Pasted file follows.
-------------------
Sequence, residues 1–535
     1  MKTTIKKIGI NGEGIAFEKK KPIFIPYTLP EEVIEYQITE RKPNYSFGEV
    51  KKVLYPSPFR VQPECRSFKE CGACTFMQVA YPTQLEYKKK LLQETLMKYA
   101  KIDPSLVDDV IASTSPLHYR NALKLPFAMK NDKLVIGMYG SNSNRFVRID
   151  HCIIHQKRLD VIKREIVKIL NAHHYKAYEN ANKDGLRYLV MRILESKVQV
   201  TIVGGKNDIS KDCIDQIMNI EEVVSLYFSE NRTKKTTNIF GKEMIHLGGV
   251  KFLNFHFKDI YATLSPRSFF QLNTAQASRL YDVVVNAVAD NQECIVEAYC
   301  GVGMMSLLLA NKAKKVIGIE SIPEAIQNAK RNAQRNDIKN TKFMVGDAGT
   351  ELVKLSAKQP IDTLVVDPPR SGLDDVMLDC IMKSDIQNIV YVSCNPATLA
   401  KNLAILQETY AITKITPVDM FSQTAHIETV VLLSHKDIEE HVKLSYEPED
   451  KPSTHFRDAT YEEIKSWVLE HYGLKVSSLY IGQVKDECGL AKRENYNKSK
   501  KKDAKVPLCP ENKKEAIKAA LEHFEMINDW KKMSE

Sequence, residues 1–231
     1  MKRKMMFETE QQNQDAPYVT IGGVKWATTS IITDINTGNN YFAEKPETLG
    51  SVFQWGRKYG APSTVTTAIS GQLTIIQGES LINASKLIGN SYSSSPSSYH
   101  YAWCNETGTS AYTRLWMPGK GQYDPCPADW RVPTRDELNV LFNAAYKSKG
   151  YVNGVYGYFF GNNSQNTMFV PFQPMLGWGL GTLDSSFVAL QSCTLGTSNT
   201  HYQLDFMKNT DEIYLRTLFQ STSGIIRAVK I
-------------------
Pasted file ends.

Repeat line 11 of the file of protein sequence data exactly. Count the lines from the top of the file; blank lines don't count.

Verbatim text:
   451  KPSTHFRDAT YEEIKSWVLE HYGLKVSSLY IGQVKDECGL AKRENYNKSK